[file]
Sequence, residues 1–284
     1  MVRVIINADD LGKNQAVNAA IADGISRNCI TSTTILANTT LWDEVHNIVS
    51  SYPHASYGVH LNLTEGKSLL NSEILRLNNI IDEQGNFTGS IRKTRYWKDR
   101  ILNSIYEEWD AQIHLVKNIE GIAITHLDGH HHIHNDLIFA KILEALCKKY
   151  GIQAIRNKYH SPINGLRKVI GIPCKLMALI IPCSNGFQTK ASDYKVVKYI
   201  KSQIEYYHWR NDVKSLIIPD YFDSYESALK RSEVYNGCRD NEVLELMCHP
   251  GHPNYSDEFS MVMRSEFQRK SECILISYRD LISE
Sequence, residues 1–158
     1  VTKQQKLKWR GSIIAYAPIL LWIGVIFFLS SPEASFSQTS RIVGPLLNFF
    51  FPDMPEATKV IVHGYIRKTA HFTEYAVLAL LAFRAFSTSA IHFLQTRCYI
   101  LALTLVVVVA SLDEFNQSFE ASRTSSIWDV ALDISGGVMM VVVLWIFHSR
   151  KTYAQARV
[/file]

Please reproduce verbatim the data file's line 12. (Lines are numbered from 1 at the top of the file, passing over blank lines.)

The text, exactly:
   151  KTYAQARV